• G-Sync / Freesync = You can use monitors that have these technologies, what they intend to do is that the fps your GPU outputs, that's the refresh rate you monitor gives - for each and every frame. But that doesnt mean that you will have for example 144fps displayed, because that's limited by the monitor, I have knowledge that Freesync monitors at the moment only goes around 100Hz. So you will have a much better experience using this kind of monitors than using a normal 60Hz or a 144Hz because it's going to ensure that tearing / shuttering will gone, because the amount of frames are limited by the GPU and anything over the limit of the monitor is not displayed.

At least that's how I see it rolleyes.gif

What other issues will be visible since tearing couldn't happen if your fps is lower than the maximum refresh rate?

With V-Sync On you could suffer from stuttering, but other than that, I don't know tongue.gif

We're on the same page as far as how it works.

When < 144fps a 144hz monitor gets the job done and G-Sync/Freesync in that scenario offers no benefit.

When > 144fps a 144hz will begin to tear and this is where G-Sync/Freesync comes into play but once you use V-Sync with Triple Buffering it eliminates the input lag which G-Sync/Freesync is designed to avoid.

In my opinion, I'm having a hard time understanding the benefit of spending the money for a G-Sync/Freesync monitor. Everything you've said I understand, I'm just trying to reason why G-Sync/Freesync is better than V-Sync with Triple Buffering on a 144hz monitor.

Based on what I just read, G-Sync/Freesync fixes the stutter that some report even with Triple Buffering on. So you're pretty much paying a premium price for zero chance of a small possibility of stutter even with Triple Buffering.
Edited by myresolution_72 - 11/10/15 at 3:36pm
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post #9 of 28
Quote:
Originally Posted by myresolution_72 View Post

Unless you have an extremely powerful system you're not seeing 144 fps in modern games at 1440p maxed out. In this case you typically wouldn't have V-Sync on anyway because you're not hitting your limit. So that renders G-Sync/Freesync useless. It'll help when you're playing something like Counter Strike competitively and it's able to run at 144 fps to match the 144hz limit so G-Sync/Freesync assists to get rid of any input lag, right? It seems as though you're paying a higher price for a 144hz limitation from 60hz and could save money by getting a 144hz monitor minus the G-Sync/Freesync since a lot of systems won't hit that limit.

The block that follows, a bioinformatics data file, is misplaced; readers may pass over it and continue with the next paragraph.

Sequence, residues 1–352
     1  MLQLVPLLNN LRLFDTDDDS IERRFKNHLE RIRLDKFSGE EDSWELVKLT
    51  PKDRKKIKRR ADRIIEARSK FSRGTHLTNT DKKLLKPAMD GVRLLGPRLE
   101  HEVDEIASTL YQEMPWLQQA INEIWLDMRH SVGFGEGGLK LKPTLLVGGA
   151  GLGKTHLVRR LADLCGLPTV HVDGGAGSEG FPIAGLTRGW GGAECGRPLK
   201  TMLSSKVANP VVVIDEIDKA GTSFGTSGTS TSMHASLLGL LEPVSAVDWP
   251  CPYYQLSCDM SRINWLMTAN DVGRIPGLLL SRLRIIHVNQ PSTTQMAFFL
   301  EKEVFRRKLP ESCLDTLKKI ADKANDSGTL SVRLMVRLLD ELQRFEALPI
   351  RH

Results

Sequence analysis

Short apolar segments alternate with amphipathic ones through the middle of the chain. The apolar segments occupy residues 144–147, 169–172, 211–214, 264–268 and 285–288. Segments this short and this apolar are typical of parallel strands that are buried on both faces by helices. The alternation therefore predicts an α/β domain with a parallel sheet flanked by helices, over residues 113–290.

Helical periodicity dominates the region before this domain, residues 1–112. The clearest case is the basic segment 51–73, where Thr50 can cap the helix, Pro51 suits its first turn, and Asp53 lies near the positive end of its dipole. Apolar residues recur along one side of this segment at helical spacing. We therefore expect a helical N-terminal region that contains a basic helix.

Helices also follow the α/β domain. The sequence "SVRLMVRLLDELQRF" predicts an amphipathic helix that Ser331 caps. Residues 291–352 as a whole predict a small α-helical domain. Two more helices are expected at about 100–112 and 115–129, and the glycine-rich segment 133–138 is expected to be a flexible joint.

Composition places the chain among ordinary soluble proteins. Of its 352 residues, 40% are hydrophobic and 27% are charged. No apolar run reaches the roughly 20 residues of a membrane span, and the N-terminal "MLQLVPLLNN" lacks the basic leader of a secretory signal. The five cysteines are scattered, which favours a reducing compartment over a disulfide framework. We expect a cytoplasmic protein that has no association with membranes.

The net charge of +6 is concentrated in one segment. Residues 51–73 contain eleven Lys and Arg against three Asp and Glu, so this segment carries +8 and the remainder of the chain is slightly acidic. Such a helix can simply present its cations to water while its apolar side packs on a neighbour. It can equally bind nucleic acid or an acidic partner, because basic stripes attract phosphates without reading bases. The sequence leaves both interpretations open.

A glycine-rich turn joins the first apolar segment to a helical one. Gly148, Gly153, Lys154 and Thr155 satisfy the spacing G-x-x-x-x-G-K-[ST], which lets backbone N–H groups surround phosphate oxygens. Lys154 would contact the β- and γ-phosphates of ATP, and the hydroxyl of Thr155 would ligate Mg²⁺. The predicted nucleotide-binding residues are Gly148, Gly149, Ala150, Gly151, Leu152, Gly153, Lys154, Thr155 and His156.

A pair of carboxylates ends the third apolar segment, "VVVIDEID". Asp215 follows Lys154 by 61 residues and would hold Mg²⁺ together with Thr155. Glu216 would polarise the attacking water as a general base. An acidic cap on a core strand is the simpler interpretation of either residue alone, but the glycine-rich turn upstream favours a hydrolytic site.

Elite dangerous 1440p for me is locked at 144Hz.

But that's irrelavent.

G-Sync works best at 45 - 90FPS when the frame times are varying , it eliminates tearing.

Once you've seen it you will understand, I can't play with G-Sync off now.
post #10 of 28
Quote:
Originally Posted by myresolution_72 View Post

Why G-Sync/Freesync is better than V-Sync with Triple Buffering on a 144hz monitor.

Based on what I just read, G-Sync/Freesync fixes the stutter that some report even with Triple Buffering on. So you're pretty much paying a premium price for zero chance of a small possibility of stutter even with Triple Buffering.

Yes we are on the same page rolleyes.gif

I think that the idea of the G-Sync/Freesync is to actually reduce the amount of steps the user have to do in order to configure to the best settings the drivers. While it's true that you can use Triple Buffering is not really a final solution, and that's why they came with that creative idea of letting the GPU decide how fast the monitor should refresh, and by doing this they solved 2 things at the same time "tearing / shuttering"

Now the advantage for them is that they can use faster refresh rate screens, but they are not obliged to use 144Hz screens, and if you produce more than 144fps then you can solve the "tearing / shuttering" problem with this technology. Although some G-sync monitors are rated to be 144Hz, I believe Freesync aren't that fast yet.
Quote:
Originally Posted by Wihglah View Post


Once you've seen it you will understand, I can't play with G-Sync off now.

I also think that this is needed to be seen in person, comparing all those variables. Because the sad part is that a youtube video or any video can not reproduce the results that the screen show. So if we want to see how G-sync/ Freesync and 144Hz works, we need to see it with our on eyes and touch it biggrin.gif